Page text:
Economies of Scale, Household Size, and the Demand for Food
Posted: 19 Oct 1998
Household scale economies are plausibly attributed to shared household public goods that make larger households better off at the same level of per capita resources. Larger households should therefore have higher per capita consumption of private goods, such as food, provided that they do not substitute too much toward the effectively cheaper public goods. The evidence shows exactly the opposite. Data from rich and poor countries indicate that, at constant per capita total expenditure, the per capita demand for food decreases with household size and that it does so most in the poorest countries, where substitution should be the least.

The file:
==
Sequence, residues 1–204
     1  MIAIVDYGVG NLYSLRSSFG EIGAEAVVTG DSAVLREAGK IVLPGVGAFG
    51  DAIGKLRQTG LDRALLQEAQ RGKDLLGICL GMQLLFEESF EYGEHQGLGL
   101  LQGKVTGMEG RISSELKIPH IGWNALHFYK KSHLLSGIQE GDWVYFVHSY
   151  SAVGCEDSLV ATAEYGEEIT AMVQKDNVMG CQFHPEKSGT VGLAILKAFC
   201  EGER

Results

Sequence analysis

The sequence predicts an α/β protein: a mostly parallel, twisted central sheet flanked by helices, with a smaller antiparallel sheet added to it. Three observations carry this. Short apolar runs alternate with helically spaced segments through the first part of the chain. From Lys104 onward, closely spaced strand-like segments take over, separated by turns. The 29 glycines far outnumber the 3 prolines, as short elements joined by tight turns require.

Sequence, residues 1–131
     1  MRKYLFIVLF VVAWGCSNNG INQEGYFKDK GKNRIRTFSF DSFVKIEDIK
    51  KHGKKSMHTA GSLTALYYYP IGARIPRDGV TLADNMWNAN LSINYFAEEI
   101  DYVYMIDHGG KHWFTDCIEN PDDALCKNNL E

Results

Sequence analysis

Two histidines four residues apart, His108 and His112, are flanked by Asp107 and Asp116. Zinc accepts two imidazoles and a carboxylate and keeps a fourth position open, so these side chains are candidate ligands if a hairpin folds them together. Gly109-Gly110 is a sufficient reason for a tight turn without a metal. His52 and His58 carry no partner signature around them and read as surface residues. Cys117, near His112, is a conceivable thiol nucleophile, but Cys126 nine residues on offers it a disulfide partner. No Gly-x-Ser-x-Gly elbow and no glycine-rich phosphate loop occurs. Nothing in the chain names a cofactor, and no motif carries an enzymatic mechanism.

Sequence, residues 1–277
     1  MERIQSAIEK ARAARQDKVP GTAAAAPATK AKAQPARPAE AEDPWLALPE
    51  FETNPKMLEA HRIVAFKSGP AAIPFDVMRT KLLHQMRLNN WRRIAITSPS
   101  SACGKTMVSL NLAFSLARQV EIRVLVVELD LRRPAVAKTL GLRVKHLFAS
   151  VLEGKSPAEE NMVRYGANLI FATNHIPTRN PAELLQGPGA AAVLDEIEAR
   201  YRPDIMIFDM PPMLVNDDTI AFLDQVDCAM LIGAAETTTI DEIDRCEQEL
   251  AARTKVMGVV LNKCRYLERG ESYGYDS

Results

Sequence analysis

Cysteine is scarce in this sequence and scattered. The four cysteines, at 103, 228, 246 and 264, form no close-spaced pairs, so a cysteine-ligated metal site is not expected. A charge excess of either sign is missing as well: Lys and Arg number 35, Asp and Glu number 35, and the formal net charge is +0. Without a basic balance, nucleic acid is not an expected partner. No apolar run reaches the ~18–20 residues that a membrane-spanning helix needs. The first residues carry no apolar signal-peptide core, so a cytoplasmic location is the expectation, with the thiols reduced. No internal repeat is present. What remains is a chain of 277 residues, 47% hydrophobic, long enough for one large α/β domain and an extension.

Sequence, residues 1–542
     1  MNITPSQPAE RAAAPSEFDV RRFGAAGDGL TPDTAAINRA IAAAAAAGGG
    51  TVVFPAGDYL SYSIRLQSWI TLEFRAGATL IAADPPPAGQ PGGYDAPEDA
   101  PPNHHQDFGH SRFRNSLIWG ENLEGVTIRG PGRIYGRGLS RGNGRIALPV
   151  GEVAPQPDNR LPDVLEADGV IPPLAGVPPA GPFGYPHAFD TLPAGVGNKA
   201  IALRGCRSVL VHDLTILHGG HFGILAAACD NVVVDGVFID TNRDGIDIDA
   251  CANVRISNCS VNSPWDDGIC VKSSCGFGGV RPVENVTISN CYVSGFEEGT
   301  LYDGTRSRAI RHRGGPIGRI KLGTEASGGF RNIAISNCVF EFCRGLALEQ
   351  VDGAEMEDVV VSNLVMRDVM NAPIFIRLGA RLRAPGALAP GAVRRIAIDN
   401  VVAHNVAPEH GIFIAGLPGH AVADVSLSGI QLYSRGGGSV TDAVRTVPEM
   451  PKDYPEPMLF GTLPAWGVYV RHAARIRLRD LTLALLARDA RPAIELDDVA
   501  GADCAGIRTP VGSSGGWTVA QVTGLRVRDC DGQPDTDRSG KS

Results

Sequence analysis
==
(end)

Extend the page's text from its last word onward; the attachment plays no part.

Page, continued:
JEL Classification: O12
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